Pro-Tip: If you’re going to use a file, clamp the bow down. By clamping the bow, you will be able to use both hands to remove excess wood.
We’re going to leave the sides of the riser squared off for now, so it will sit flat in the tillering stick later.
Backing the Bow
Although there are a number of different materials that can be used to back a bow, for our purposes, we will be backing the bow with hickory and EA-40.
Although there are many materials you can choose to back your self-bow (such as fiberglass, snake skin, bamboo, rawhide, sinew, and even cotton) for this bow hickory will give you the most longevity and protection from breaking.
Pro-Tip: You might be thinking that you don’t need to back your bow, and you might be right, but you’re probably wrong. Think of a toothpick. What happens when you bend a toothpick? One side, the back, will splinter and break. Your bow is like a giant toothpick, the backing will help to prevent your bow from splintering and cracking, which is why you back your bow before you tiller your bow.
Again, it might be a good idea to put some wax paper down to keep your workspace clean.
After 24 hours, gently sand the hickory to knock off any burrs or excess Smooth-On EA-40 Bow Glue.
Use your draw knife or a band saw to remove any excess hickory that might be hanging off the sides of your bow.
Be sure not to cut your bow, just the excess backing.
Use sandpaper to smooth out the sides of the bow.
Adding the Rough Nocks
Draw a line 1” from the tip – making the bow 70” from nock to nock.
Using your file, cut a notch where the line is marked on the back of the bow (where you glued the tip overlay earlier).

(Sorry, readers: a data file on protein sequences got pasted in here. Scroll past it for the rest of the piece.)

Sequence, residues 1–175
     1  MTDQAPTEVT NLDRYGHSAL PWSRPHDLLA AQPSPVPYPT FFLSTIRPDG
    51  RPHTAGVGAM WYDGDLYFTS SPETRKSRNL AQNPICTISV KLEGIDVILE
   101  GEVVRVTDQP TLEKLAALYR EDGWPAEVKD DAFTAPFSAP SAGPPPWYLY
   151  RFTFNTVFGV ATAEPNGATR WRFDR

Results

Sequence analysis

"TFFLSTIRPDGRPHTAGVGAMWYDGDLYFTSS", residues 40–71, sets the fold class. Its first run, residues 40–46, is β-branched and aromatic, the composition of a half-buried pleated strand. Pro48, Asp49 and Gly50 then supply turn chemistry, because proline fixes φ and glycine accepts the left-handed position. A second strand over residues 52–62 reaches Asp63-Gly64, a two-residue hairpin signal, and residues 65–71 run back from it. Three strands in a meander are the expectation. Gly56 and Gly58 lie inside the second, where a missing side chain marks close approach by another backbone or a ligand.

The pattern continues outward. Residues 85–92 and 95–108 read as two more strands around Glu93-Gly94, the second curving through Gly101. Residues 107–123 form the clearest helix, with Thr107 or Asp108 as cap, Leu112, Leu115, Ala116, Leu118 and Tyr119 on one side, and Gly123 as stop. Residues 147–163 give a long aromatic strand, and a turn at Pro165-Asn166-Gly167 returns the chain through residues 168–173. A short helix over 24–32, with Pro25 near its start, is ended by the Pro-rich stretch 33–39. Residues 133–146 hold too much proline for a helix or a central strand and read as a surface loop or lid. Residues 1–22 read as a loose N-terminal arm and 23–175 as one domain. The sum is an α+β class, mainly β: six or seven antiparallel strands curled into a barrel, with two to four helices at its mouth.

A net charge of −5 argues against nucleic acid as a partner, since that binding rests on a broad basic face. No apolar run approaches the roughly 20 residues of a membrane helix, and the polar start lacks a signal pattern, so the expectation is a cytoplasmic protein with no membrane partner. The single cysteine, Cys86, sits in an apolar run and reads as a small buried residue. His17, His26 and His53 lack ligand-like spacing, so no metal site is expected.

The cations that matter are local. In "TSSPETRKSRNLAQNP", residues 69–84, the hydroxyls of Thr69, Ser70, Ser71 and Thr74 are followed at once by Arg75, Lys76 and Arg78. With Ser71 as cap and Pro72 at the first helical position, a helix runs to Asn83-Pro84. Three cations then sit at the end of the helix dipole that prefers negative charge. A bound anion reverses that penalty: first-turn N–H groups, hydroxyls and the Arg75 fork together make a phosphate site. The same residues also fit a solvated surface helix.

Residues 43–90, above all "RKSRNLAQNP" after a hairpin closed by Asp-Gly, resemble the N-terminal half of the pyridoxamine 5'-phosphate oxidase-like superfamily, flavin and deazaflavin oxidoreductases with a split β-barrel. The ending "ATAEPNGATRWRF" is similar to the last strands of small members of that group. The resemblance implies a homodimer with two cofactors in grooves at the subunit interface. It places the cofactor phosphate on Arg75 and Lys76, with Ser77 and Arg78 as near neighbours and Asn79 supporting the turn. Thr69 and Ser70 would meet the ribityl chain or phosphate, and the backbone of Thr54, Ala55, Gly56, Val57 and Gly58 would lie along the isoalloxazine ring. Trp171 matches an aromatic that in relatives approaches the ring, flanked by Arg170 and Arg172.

Next, using your file cut another notch on the side of the bow at about a 45 degree angle.
Work the file so that you don’t have any sharp edges and that both sides match each other.
Don’t cut the nock so deep that you can’t make adjustments later, but be sure to cut it deep enough that it will hold onto the string securely.
Time to Tiller the Bow
Successfully tillering a bow takes time and is difficult to teach, even in person, so there is only so much that you can learn from reading without just going and doing it. That said, be prepared to break a few bows.
Pro-tip: Never pull the bow past your desired weight. This means that if, after you first string the bow, you pull 45# at the first notch on the tiller stick then you need to stop and achieve a good tiller. After you’ve gotten a good tiller, repeat the process, if you are still pulling to the same notch, then cautiously remove some more material from the bow. Once you can successfully pull the bow to another notch at 45#, re-tiller the bow. Continue this process until you’ve achieved your ideal draw length.